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University of Alaska Fairbanks master’s student Tricia Kent has created a way to concentrate birch sap that also will boost K-12 science education in Fairbanks.
Kent is working on a reverse osmosis system that will condense birch sap during the Tapping into Spring program in schools.
“Trish is a great example of what service learners provide in a higher education context,” said Janice Dawe, director of OneTree Alaska, which created Tapping into Spring for schools. “She is someone who can take their academic training — in Trish’s case, a combo of materials science, horticulture and natural resources management — out of the classroom and into K-12 classrooms and the community.”
Kent’s undergraduate focus at Rensselaer Polytechnic Institute was in materials science, and she has worked in fabrication technologies and as a metallurgical engineer for Chromalloy. At UAF, she switched to natural resources management as her Master’s International degree program focus, and in March she will move to Mexico to serve in the Peace Corps. She expects to be engaged in environmental education while also working on some aspect of non-timber forest products research for her master’s project. She will begin training in Queretaro, Mexico, on March 20.
“The DIY reverse osmosis that Trish is building is an innovation for us,” Dawe said. “It will greatly enhance the processing of birch sap by concentrating the sap sugar and removing a large percentage of the water in the sap before it’s boiled down to syrup. Trish is coming back to Fairbanks in late January through mid-February to complete work on the RO unit and train the rest of the OneTree Alaska team in its use. We’re also talking with the engineering senior design seminar, in hopes that one of the students will choose to adopt the project as their senior capstone project.”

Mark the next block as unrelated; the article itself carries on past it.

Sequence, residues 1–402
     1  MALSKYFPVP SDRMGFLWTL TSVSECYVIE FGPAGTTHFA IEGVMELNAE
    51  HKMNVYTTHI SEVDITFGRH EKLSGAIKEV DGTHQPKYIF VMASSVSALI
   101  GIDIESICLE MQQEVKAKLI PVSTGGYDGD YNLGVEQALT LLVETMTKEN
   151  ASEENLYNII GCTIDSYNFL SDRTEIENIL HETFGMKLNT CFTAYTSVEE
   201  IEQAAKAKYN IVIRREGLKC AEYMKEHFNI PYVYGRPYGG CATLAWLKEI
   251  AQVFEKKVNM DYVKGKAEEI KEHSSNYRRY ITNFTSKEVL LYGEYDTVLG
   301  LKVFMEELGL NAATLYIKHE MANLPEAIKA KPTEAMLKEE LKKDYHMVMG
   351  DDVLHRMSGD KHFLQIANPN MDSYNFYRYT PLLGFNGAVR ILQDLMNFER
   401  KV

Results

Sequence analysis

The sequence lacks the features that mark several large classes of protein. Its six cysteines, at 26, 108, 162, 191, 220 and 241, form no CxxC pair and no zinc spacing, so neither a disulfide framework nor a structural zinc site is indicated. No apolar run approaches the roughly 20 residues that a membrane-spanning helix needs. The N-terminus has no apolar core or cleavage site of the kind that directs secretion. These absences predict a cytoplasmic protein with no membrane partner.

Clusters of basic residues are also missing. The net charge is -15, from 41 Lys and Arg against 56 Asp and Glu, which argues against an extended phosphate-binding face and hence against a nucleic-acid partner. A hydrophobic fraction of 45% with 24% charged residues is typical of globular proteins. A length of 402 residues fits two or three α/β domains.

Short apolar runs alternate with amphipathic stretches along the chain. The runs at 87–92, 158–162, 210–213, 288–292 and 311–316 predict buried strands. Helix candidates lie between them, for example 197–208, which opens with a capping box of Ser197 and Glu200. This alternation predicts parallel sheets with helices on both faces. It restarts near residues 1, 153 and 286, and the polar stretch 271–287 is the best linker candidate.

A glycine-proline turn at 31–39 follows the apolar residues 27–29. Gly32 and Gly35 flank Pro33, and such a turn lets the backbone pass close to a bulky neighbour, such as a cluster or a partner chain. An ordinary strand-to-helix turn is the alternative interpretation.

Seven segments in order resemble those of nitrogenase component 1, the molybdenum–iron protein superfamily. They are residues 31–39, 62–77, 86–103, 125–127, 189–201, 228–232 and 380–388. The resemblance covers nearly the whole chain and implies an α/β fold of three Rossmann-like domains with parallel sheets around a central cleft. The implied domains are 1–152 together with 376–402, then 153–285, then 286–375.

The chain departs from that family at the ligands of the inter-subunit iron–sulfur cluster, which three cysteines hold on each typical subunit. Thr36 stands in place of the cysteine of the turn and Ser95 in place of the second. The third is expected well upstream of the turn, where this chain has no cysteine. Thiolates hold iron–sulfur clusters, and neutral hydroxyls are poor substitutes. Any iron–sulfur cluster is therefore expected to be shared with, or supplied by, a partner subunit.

OneTree Alaska, supported by the UAF School of Natural Resources and Agricultural Sciences and funded by the state, develops educational programs based in the boreal forest. Through Tapping into Spring, hundreds of K-12 children in the Fairbanks North Star Borough School District tap birch trees for sap each spring. This year, the students will get to see the reverse osmosis in action on field trips to UAF University Park Building to process their sap.
“We also expect backyard syrup makers may be interested in the cost savings and labor reduction represented by this DIY reverse osmosis, which is being built for less than 0,” Dawe explained. “No plans have been made at this point to work with local syrup-makers on this; we need to complete the first season of sap collection with the RO.”
Kent chose to work on this project because of her interest in non-timber forest products, which are materials that can be harvested from a forest that are not used for lumber. “This is an extensive list, but one that is particularly applicable to our boreal forest is birch sap,” Kent said.
Last summer she visited the East Coast, where the maple syrup industry is booming, and talked with farmers and maple syrup makers to learn more about the process and figure out a way to apply this knowledge to birch sap.
“I hope that growing the Tapping into Spring project by building an RO unit will allow us to process more sap than in the past, and provide new and exciting science and engineering lessons for our classrooms,” she said.
“We have had issues with the birch sap evaporator aspect of the Tapping into Spring program,” Kent stated. “I originally was going to get an evaporator for the project and have it running off of steam from the UAF power plant. However, between the huge demand for custom-made evaporators and the renovations to the power plant coming in the next couple of years, the evaporator project got pushed to the back burner. The RO unit was a smaller project that could still provide interactive learning opportunities for our OneTree students.”